Well, you know, you often learn and sort of what you shouldn't do, and more importantly, why. But I also think that, because I've read so many scripts, I've read over 60,000 scripts in 30 plus years. So I, like I have so many stories in my head. So let's say that you write a screenplay, and I read the screenplay, and I don't think it works. Now, I can guarantee you that I have read at least a dozen screenplays, very similar to your story. Because you know, you're all using the same archetypes and, and tropes and motifs. And I can then think, on those other dozen screenplays and how they were able to make work. What you weren't able to make work, just and then I can sort of compare and contrast. And so often, I can sort of figure things out or even through rewrites because I have, I have to read a lot of rewrites, you know, I can remember, you know, a script like, like man on fire with Denzel, I must have read 17 or 18 different drafts of that script as it came in. But I can remember very specific scripts that I had read, that didn't work. And, and, and I couldn't figure out why it didn't work. I could articulate that it wasn't working. And I might even be able to say why it wasn't working, but couldn't tell you how to fix it. And then you get a rewrite that comes in. And whatever it was, that I was feeling has been altered, the rewrite is much more successful. And then I'm able to look at what they did, and compare it to what it was before. And then have a learning experience. through that. I always bring up Matchstick men. As an example. That was the Ridley Scott Nicolas Cage movie.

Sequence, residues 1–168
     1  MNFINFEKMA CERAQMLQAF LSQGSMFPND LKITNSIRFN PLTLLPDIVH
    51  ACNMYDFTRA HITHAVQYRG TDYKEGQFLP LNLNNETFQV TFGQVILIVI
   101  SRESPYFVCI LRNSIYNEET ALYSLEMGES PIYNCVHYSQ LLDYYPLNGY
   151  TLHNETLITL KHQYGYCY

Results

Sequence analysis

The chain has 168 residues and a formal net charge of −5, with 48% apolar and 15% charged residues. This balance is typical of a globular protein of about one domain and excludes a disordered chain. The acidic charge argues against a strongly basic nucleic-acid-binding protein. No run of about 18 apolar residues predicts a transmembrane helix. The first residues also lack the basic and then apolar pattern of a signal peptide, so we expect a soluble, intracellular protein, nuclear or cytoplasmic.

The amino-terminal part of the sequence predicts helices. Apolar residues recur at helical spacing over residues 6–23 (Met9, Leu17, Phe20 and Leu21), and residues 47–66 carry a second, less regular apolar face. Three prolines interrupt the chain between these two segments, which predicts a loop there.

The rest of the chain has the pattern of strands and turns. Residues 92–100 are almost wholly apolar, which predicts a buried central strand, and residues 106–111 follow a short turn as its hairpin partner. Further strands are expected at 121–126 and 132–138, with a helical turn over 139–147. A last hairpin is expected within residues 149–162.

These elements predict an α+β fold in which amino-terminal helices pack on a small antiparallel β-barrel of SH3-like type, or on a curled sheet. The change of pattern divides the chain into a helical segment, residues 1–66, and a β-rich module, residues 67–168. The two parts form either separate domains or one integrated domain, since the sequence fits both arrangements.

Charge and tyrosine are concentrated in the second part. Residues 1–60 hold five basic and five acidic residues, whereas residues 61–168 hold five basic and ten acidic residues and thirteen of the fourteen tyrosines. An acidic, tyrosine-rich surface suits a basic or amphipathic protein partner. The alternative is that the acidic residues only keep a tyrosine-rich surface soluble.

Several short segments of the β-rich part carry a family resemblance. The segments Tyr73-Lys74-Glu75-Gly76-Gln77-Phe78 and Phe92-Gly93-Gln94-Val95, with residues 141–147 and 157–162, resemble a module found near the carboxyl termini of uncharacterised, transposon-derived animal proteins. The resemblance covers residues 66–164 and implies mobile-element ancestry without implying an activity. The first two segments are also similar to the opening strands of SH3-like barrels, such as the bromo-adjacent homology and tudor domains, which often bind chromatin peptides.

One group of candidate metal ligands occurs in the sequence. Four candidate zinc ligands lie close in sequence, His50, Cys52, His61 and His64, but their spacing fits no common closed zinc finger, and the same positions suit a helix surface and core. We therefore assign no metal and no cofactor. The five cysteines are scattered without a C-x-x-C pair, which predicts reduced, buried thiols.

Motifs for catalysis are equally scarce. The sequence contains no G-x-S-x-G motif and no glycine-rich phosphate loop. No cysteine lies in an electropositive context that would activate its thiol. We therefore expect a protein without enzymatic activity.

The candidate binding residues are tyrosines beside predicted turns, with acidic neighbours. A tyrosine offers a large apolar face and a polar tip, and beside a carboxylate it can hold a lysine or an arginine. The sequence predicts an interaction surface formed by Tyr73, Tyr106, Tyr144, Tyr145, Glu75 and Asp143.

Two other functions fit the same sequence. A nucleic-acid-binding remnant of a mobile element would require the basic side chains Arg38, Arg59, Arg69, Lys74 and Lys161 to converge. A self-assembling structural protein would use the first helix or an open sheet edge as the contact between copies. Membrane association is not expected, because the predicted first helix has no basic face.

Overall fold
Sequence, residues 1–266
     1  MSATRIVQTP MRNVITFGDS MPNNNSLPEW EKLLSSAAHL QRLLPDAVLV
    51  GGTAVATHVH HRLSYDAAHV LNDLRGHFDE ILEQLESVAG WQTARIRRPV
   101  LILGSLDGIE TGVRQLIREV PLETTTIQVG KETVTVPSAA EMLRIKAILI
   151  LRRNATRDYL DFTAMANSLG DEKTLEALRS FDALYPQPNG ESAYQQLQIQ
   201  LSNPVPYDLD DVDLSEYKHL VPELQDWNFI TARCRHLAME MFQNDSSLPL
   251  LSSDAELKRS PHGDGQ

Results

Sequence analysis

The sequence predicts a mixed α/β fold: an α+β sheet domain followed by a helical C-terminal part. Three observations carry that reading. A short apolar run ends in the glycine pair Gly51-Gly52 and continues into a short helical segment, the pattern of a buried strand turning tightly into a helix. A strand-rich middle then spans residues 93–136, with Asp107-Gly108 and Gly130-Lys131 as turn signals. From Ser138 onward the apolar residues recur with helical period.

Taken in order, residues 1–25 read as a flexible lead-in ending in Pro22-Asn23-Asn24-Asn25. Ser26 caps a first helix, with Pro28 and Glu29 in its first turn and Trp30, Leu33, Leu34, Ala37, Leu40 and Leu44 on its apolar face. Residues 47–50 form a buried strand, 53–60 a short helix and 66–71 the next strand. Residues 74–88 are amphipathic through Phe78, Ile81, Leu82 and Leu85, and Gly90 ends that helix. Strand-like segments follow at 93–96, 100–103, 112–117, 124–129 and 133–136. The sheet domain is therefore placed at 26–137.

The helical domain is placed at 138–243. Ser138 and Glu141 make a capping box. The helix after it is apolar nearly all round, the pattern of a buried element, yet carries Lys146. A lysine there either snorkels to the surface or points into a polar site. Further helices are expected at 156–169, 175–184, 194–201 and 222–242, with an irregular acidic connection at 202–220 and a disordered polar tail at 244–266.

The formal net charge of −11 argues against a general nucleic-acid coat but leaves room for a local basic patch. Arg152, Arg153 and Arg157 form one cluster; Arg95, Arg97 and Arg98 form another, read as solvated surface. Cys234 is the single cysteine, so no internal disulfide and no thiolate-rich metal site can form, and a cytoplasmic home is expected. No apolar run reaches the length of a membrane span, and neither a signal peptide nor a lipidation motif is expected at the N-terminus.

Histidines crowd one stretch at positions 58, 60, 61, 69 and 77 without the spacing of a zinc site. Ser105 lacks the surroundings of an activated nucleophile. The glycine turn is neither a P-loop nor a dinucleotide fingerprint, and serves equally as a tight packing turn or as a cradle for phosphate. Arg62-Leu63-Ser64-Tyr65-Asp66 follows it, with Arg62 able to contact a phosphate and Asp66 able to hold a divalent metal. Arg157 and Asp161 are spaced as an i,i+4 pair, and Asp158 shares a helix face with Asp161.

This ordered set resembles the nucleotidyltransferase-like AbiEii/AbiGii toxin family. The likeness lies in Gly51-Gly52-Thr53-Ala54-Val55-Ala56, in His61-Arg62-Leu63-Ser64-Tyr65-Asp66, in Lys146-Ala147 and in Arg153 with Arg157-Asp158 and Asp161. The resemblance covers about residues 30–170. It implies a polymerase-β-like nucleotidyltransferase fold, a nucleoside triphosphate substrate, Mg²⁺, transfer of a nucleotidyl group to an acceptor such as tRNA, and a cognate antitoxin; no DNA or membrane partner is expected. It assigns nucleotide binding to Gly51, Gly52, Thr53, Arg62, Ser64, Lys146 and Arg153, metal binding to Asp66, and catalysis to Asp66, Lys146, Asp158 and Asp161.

I don't want to screw this up. But in the film, he he Nicolas Cage is a con man who meets his a strange daughter. And then they go out and do a con together. And then spoiler alert, we find out that she has content, she is not his daughter. Right? So really clever. The first draft that I read, she was his daughter. She was his daughter. And so then you get so then you get to this third act, it never has a really interesting climax. And it really felt like something was missing. And I couldn't figure it out. And then seven months later, a rewrite comes in. And I read that I'm like, Ah, that's it. Of course, it makes total sense. This is a movie about cons. This is a movie about confidence men. So you need a great con, you need a twist in the third act. I love the sting.

Alex Ferrari 38:09
Right.

Christopher Lockhart 38:10